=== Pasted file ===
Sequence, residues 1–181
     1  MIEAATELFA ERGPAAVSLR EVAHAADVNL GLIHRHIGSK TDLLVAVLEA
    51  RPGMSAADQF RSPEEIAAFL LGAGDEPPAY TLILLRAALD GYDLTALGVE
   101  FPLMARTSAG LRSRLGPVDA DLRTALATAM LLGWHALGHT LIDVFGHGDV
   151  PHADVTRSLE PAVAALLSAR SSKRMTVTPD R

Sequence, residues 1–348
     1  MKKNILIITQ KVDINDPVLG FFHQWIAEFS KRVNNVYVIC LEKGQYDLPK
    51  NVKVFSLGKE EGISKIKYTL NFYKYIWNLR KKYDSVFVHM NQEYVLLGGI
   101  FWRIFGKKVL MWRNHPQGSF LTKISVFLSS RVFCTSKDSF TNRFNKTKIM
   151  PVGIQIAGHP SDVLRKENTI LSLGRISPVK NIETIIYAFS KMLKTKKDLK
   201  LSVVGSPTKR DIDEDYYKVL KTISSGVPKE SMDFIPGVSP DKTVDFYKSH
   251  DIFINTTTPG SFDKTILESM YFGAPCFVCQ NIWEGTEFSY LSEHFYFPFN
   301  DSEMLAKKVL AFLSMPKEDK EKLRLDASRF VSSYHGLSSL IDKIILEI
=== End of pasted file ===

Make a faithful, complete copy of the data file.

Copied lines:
Sequence, residues 1–181
     1  MIEAATELFA ERGPAAVSLR EVAHAADVNL GLIHRHIGSK TDLLVAVLEA
    51  RPGMSAADQF RSPEEIAAFL LGAGDEPPAY TLILLRAALD GYDLTALGVE
   101  FPLMARTSAG LRSRLGPVDA DLRTALATAM LLGWHALGHT LIDVFGHGDV
   151  PHADVTRSLE PAVAALLSAR SSKRMTVTPD R

Sequence, residues 1–348
     1  MKKNILIITQ KVDINDPVLG FFHQWIAEFS KRVNNVYVIC LEKGQYDLPK
    51  NVKVFSLGKE EGISKIKYTL NFYKYIWNLR KKYDSVFVHM NQEYVLLGGI
   101  FWRIFGKKVL MWRNHPQGSF LTKISVFLSS RVFCTSKDSF TNRFNKTKIM
   151  PVGIQIAGHP SDVLRKENTI LSLGRISPVK NIETIIYAFS KMLKTKKDLK
   201  LSVVGSPTKR DIDEDYYKVL KTISSGVPKE SMDFIPGVSP DKTVDFYKSH
   251  DIFINTTTPG SFDKTILESM YFGAPCFVCQ NIWEGTEFSY LSEHFYFPFN
   301  DSEMLAKKVL AFLSMPKEDK EKLRLDASRF VSSYHGLSSL IDKIILEI